If the local waterfront park plan does not make the cut for public funding, then Knowles said a fund-raising committee is likely to be formed.

Knowles said about $1 million is needed for park development — and then capital will be required for ongoing maintenance.

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Parkdale third graders sing "12 Disaster Days of Christmas"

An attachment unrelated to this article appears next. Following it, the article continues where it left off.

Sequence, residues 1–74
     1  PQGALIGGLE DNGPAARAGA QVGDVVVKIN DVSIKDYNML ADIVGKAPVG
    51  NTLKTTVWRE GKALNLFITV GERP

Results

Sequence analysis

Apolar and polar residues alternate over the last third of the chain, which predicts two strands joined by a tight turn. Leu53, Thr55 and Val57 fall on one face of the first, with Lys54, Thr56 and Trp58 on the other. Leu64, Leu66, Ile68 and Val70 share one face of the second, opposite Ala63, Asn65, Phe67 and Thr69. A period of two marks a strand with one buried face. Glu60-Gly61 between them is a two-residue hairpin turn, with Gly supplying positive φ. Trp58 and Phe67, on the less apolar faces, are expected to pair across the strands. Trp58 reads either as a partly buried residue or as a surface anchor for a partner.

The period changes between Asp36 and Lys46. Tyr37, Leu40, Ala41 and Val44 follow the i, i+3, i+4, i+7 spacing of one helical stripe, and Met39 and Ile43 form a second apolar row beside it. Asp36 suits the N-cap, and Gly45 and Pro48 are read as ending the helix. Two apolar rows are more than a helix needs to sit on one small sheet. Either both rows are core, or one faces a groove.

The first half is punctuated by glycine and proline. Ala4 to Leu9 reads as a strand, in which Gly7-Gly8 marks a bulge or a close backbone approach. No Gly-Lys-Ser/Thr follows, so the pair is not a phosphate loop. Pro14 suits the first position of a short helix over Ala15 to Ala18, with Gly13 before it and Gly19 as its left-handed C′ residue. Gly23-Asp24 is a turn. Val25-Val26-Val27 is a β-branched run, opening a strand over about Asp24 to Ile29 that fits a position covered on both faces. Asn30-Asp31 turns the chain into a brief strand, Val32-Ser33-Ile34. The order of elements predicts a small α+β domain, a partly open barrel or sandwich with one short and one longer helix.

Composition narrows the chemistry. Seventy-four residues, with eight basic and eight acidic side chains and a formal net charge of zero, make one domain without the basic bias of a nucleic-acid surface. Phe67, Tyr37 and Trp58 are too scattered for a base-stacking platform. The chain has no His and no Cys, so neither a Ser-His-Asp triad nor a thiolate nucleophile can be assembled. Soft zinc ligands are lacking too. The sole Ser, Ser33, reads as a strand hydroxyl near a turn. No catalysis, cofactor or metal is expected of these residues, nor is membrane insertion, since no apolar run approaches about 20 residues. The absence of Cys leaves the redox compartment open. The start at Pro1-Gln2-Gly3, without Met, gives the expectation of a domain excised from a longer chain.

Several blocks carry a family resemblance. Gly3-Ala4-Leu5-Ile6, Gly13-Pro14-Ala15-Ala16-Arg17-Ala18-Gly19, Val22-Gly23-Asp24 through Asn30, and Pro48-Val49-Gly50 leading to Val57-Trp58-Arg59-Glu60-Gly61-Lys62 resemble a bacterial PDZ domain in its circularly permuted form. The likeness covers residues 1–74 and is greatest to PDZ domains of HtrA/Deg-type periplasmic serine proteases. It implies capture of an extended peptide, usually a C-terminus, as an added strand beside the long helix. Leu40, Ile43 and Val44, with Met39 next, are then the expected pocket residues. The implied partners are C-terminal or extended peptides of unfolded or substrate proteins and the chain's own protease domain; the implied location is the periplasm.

Welcome to your sing-able Christmas gift list. What follows is an emergency rendition of “12 Days of Christmas” – for outfitting your home or car in case of snow storm, earthquake, flood or other emergency. Read it as a simple list, or sing it to the tune of “12 Days” – you know, as in “ … and a partridge in a pear tree…” Not to make light of it, but the song is a familiar framework for a set of gift ideas that you could consider gathering together, even if the recipient already owns items such as a bunch of coats, tire chains and flashlights. Stores throughout the Gorge are stocked up on all these items. Buying all 12 days might be prohibitive, but here are three ideas for checking any of the dozen off your list (notations follow, 1-12.) The gift items needed to stay warm, dry and safe are also coded to suggest items in your abode (A) in your car (C) or both (B). 12 Gallons of Water (A) 11 Family meals (B) 10 Cans of propane (A) 9 Hygiene bags (B) 8 Packs of batteries (A) 7 Spare coats (B) 6 Bright red flares (C) 5 Cozy blankets (B) 4 Tire chains (C) 3 Flashlights (B) 2 cell phone chargers (B) 1 And a crush-proof first aid kit (B) Price ranges? Here’s a few quotes for days Three, Two, Four and Nine: n A family gift of flashlights (three will run $15-30, Hood River Supply, Tum-A-Lum) n Cell phone chargers (two will run $30-60) n Tire chains (basic set, $30, Les Schwab, returnable if unused for the winter) n Family meals ($100 or so should cover the basics for three or four reasonably well-fed days) n The home kit should be kept in a handy place near an exit, and remember that water needs to be replenished every few months. If you have a solid first aid kit already, switch out the gift idea with “and-a-sto-o-u-t- tub-for it-all …” Otherwise, it’s a case of assembling your home or car kits and making sure all members of the family know what the resources are and how to use them (ie flares and propane). Emergency situations are at worst life-threatening, at best deeply uncomfortable if you and your family are left without power for an extended period, or traveling and find yourself in a situation where you need to wait out a storm, lengthy traffic delay, or other crisis. Notes on the 12 gift ideas: 12 – Gallons of water: that’s one per person in a four-member family to last for three days, the recommended minimum to be prepared for utility outages. 11 – Easy-open packaged goods, energy bars, dried food and nuts are good things to include for nutrition. Think of what your family of four needs for three days to stay fortified and hydrated (see number 12). Can-opener also recommended 10 – If you have a propane camping stove, keep extra fuel handy. 9 – Hygiene bags: put packaged moistened towelettes, toilet paper, and plastic ties in large garbage bags (for personal sanitation) Resource list courtesy of Hood River County Emergency Management, Barbara Ayers, manager/ 541-386-1213. The county also reminds residents to Get a Kit, Make A Plan to connect your family if separated, and Stay Informed. See to opt-in for citizen alerts. Enlarge